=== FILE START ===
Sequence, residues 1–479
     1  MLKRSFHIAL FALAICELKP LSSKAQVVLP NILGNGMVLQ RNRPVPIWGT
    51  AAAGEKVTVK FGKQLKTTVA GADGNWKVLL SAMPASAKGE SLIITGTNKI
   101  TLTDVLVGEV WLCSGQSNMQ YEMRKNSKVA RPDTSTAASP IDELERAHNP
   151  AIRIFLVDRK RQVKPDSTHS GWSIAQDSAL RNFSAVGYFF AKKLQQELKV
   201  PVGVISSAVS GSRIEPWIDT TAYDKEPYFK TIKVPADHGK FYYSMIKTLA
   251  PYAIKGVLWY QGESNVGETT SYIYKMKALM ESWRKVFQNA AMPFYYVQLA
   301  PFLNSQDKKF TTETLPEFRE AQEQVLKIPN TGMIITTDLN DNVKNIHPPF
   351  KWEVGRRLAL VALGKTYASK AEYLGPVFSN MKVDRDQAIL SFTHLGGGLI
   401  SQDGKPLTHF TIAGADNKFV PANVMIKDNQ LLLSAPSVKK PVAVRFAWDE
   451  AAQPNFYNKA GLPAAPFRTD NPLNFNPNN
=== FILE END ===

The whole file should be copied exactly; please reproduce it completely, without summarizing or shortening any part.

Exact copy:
Sequence, residues 1–479
     1  MLKRSFHIAL FALAICELKP LSSKAQVVLP NILGNGMVLQ RNRPVPIWGT
    51  AAAGEKVTVK FGKQLKTTVA GADGNWKVLL SAMPASAKGE SLIITGTNKI
   101  TLTDVLVGEV WLCSGQSNMQ YEMRKNSKVA RPDTSTAASP IDELERAHNP
   151  AIRIFLVDRK RQVKPDSTHS GWSIAQDSAL RNFSAVGYFF AKKLQQELKV
   201  PVGVISSAVS GSRIEPWIDT TAYDKEPYFK TIKVPADHGK FYYSMIKTLA
   251  PYAIKGVLWY QGESNVGETT SYIYKMKALM ESWRKVFQNA AMPFYYVQLA
   301  PFLNSQDKKF TTETLPEFRE AQEQVLKIPN TGMIITTDLN DNVKNIHPPF
   351  KWEVGRRLAL VALGKTYASK AEYLGPVFSN MKVDRDQAIL SFTHLGGGLI
   401  SQDGKPLTHF TIAGADNKFV PANVMIKDNQ LLLSAPSVKK PVAVRFAWDE
   451  AAQPNFYNKA GLPAAPFRTD NPLNFNPNN